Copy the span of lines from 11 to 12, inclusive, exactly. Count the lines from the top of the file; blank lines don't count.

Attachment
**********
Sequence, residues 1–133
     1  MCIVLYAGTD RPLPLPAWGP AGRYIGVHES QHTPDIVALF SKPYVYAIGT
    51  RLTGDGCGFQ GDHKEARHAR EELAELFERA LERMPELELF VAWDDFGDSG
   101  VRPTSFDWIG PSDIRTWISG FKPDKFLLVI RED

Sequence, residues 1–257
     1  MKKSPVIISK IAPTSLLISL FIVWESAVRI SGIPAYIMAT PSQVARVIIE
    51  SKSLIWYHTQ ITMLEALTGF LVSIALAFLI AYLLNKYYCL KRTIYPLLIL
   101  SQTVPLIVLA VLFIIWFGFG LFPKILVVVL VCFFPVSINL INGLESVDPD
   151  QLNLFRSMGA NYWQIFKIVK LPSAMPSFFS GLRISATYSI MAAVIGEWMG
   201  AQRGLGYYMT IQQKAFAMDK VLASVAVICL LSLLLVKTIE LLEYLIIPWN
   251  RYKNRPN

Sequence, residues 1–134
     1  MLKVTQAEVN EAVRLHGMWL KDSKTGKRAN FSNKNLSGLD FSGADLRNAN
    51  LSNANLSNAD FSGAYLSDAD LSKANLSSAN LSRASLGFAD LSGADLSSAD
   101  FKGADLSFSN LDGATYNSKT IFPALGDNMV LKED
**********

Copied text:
   251  RYKNRPN

Sequence, residues 1–134